Structure of Cytoplasmic Membrane
Immediately beneath the cell wall is the cytoplasmic membrane also known as plasma membrane or cell membrane. It is composed of phospholipids and proteins. The phospholipids form a bilayer. Integral proteins are embedded within this bilayer. Surface proteins or peripheral proteins are loosely attached to the bilayer. The lipid matrix of the membrane has fluidity, allowing the components to move around laterally. In eubacteria, the phospholipids are phosphoglycerides, in which straight chain fatty acids are ester linked to glycerol. In archaeobacteria, the lipids are polyisoprenoid branched-chain lipids, in which long-chain branched alcohols (phytanols) are ether linked to glycerol.
· Prokaryotes do not have intracellular membrane bound organelles as present in eukaryotic organelles. Thus cell membrane provides a site for functions such as energy reactions, nutrient processing and synthesis.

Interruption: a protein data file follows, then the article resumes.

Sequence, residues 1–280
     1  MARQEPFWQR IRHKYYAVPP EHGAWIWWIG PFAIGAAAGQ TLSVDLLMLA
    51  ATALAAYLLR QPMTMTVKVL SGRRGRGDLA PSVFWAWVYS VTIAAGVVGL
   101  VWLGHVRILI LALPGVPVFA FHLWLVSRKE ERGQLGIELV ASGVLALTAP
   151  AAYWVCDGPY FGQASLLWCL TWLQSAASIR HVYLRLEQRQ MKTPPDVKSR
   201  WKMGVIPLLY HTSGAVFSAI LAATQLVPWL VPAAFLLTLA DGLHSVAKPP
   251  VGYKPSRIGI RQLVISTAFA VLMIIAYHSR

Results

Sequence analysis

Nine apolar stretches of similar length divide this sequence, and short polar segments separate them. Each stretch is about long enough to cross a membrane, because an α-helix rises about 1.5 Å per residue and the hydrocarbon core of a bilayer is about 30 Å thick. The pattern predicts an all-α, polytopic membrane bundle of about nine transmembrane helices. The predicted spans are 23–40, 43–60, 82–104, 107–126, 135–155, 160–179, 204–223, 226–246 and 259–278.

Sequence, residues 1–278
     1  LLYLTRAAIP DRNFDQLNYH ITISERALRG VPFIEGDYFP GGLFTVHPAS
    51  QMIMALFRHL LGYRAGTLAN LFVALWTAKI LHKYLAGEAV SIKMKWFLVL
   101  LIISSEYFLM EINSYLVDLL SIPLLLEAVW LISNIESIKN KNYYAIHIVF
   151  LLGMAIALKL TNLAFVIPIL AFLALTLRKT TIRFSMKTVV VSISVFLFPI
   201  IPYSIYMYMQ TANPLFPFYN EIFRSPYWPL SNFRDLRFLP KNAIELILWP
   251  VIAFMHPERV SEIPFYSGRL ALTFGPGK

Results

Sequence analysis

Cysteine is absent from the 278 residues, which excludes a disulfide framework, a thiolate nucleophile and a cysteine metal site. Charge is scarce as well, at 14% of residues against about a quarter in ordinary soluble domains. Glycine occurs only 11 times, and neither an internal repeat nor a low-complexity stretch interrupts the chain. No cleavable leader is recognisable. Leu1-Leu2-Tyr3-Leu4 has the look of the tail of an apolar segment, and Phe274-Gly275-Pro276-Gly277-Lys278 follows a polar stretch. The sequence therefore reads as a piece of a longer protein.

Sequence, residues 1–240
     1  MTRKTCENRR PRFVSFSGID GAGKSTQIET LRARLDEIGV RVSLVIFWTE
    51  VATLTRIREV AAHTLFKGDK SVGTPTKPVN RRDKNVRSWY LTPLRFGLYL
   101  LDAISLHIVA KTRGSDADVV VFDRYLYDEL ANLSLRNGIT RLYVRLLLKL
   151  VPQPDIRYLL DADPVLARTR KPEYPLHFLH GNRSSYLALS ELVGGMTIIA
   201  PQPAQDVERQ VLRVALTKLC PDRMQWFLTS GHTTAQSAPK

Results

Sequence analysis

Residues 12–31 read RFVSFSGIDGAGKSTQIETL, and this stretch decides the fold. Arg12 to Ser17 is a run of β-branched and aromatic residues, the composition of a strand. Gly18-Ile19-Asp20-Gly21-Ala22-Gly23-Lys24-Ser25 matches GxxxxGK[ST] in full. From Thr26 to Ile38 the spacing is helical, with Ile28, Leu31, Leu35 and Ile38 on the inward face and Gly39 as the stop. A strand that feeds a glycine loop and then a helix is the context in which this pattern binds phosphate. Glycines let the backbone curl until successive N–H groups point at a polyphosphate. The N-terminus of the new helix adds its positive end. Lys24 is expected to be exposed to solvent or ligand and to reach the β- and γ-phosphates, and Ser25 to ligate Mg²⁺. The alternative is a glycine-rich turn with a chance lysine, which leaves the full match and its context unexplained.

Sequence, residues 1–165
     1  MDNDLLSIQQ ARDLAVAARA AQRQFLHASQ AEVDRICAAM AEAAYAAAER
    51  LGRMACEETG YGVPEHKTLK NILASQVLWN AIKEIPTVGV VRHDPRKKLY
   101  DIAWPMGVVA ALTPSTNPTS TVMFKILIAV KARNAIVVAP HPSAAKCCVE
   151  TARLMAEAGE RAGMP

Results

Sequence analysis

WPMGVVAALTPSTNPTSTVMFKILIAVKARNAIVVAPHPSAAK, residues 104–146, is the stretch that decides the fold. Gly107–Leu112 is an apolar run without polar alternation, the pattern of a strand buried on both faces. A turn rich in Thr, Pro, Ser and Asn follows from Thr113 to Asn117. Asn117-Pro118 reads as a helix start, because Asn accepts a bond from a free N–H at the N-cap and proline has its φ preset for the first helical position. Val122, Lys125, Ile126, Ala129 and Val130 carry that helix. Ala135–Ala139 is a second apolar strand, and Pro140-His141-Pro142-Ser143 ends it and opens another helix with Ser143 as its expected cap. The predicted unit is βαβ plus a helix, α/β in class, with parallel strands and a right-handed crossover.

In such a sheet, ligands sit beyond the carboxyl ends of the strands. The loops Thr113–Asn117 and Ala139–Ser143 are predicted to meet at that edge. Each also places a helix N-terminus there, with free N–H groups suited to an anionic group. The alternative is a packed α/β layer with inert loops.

· It regulates transport, the passage of nutrients into the cell and the discharge of wastes. It is a selectively permeable membrane.
· It is also involved in secretion or discharge of a metabolic product into extracellular environment.
· Cell membrane is an important site for a number of metabolic activities. Most enzymes of respiration and ATP synthesis reside in the cell membrane since prokaryotes lack mitochondria.
· It has toxic properties (Example: LPS)
· It stimulates antibody production by immune system
· The cell walls of many pathogens have components that contribute to their pathogenicity. Example mycolic acids of Mycobacterium tuberculosis
· Cell wall is a site of action of several antibiotics.
· Many of the serological properties of Gram negative bacteria are attributable to O antigens; they can also serve as receptors for bacteriophage attachment.